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Mitch
05-12-2004, 10:14 AM
I've a problem trying to learn "draw: shot,,, seems to work just fine for me when distance from bridge to cue is about 8",,, however when i need to use power long shot distance is about 9-10" I generate NO draw whatsoever!!! just stop shot. Cue is same level I don't get it,,, any ideas ?????
Thanks

Big_Jon
05-12-2004, 10:20 AM
<blockquote><font class="small">Quote Mitch:</font><hr> I've a problem trying to learn "draw: shot,,, seems to work just fine for me when distance from bridge to cue is about 8",,, however when i need to use power long shot distance is about 9-10" I generate NO draw whatsoever!!! just stop shot. Cue is same level I don't get it,,, any ideas ?????
Thanks <hr /></blockquote>

You need to sharpen your pencil.

Thanks,

Jon

Scott Lee
05-12-2004, 10:25 AM
Mitch...Many players attempting to power draw the CB, make one of several mistakes. Most are simply not hitting the CB where they think they are. This is usually a factor of dropping the elbow some (often because of a tighter grip on the cue), which causes the actual contact point between the tip and the CB to raise up. If you are shooting hard and just achieving a stop shot, you are likely hitting the CB at or near dead center. AIM LOWER! LOL Another problem I constantly see, as an instructor, is lack of consistent followthrough. Your tip really needs to get past where the CB is sitting, by 4-6 inches on the average shot, regardless of the speed of the stroke. It's possible that when you stretch your bridge out longer, you are now not getting the 'natural followthrough' that is necessary to get consistent results...especially with draw. Lastly...be CERTAIN that you are using a complimentary pre-shot routine, that includes a pause at the CB (before the final stroke), and a SLOW backswing. A hurried backswing is one of the primary causes for missing shots. The contact point between the tip and the CB is VERY small (1/8" x 1/8")...about the size of the red circle, on a red circle CB. Missing where you are aiming by just that little bit (and most miss by a lot more than that), can have a dramatic impact on not only whether you make the shot, but also in your position play for the next shot. Hope this helps.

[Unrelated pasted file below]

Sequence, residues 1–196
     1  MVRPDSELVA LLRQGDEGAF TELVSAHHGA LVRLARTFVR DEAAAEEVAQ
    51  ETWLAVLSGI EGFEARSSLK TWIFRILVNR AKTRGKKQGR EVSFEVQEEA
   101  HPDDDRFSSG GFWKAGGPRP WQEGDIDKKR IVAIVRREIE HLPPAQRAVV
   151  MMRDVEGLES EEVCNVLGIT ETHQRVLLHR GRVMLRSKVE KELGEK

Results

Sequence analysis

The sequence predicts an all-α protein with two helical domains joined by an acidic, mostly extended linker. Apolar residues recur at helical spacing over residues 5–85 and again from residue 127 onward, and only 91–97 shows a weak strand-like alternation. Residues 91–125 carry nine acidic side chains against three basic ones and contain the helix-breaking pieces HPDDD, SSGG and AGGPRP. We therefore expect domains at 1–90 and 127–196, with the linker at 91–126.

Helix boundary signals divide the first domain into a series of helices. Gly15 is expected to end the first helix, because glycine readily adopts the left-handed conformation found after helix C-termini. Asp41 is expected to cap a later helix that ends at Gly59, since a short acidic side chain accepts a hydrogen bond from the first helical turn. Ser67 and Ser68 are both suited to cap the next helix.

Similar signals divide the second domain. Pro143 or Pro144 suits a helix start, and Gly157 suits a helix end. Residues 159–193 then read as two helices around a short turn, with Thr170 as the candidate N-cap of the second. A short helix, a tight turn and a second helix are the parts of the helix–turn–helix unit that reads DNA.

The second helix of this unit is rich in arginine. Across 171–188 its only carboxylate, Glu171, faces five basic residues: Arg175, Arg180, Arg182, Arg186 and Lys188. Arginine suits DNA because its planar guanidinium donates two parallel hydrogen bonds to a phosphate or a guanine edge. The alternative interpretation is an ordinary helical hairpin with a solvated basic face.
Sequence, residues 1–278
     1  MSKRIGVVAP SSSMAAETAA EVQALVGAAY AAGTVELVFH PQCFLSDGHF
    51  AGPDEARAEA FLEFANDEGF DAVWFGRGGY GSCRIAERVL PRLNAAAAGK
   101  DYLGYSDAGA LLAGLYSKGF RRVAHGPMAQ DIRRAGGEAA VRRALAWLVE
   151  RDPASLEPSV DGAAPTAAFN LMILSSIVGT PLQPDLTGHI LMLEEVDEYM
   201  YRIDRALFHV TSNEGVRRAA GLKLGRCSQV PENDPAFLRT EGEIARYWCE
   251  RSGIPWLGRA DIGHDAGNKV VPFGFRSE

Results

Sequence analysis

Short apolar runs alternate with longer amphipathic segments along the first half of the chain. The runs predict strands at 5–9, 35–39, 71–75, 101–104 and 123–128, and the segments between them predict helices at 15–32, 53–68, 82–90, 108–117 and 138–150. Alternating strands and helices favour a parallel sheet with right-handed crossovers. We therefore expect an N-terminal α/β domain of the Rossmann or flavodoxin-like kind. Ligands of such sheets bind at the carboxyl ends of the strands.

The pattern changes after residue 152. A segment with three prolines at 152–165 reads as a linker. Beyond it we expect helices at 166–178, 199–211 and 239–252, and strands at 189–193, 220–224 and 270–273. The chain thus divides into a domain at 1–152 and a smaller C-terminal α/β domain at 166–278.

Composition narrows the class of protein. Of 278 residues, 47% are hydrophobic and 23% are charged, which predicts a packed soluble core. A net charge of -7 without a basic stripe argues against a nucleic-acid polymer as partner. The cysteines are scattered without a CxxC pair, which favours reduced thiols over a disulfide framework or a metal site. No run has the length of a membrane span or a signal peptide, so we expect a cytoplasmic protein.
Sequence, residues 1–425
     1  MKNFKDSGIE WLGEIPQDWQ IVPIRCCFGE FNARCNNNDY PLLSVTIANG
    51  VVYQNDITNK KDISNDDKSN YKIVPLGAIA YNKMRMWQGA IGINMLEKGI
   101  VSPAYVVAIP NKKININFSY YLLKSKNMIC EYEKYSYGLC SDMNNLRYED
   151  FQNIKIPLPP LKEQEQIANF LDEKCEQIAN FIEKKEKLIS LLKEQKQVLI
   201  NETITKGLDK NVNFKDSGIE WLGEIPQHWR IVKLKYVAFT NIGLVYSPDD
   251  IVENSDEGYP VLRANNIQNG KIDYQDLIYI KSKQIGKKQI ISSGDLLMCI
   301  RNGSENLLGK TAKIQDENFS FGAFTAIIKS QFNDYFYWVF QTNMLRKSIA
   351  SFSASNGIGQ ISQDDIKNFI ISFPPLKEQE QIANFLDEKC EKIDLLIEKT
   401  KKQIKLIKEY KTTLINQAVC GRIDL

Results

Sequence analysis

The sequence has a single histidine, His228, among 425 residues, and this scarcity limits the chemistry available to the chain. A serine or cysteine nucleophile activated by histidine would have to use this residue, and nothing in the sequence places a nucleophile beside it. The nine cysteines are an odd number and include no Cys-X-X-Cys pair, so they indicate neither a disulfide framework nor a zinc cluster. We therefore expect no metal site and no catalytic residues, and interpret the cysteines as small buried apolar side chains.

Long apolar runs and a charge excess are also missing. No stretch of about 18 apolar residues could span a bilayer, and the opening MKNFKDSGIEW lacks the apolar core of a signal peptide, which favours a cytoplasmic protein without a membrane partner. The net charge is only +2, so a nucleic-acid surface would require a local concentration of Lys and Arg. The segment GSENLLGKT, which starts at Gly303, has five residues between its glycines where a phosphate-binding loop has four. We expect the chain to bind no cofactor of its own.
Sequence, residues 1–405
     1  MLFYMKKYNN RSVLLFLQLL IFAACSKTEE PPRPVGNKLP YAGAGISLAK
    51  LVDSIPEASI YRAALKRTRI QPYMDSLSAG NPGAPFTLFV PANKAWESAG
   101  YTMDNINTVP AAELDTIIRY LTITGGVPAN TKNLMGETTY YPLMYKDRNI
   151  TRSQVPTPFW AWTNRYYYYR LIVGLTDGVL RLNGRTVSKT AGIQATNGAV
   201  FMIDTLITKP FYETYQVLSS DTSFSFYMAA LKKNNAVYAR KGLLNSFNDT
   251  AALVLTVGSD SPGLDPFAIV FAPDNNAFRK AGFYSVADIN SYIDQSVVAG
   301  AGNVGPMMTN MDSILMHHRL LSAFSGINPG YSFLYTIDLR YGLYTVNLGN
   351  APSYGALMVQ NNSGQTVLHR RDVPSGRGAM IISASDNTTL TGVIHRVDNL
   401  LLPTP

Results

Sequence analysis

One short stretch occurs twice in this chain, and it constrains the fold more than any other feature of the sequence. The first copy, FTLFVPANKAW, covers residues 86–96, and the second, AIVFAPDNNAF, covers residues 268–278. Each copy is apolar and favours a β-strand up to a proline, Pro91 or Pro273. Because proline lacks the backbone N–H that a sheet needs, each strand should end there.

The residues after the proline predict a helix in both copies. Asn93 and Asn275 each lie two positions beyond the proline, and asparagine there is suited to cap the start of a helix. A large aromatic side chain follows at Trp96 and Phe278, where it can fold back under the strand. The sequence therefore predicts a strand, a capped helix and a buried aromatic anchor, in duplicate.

Scott Lee

PQQLK9
05-12-2004, 10:40 AM
Sounds like something I have heard before /ccboard/images/graemlins/laugh.gif.I always recall it when I am faced with a critical draw.
thanks again.

Leviathan
05-12-2004, 11:36 AM
Mitch: About hitting the ball low, which Scott emphasizes--I never knew how low I could hit the CB until I practiced stroking the CB without using an object ball as a target. It's a heck of a lot easier to make yourself hit the CB very low when you aren't worried about putting it in the air, missing a shot, and looking like a jerk. You might consider just shooting the CB up and down the table with a smooth, firm stroke and a very low hit and seeing what happens. If your delivery is smooth, you get a lot of draw and the CB doesn't jump.

AS

pooltchr
05-12-2004, 12:15 PM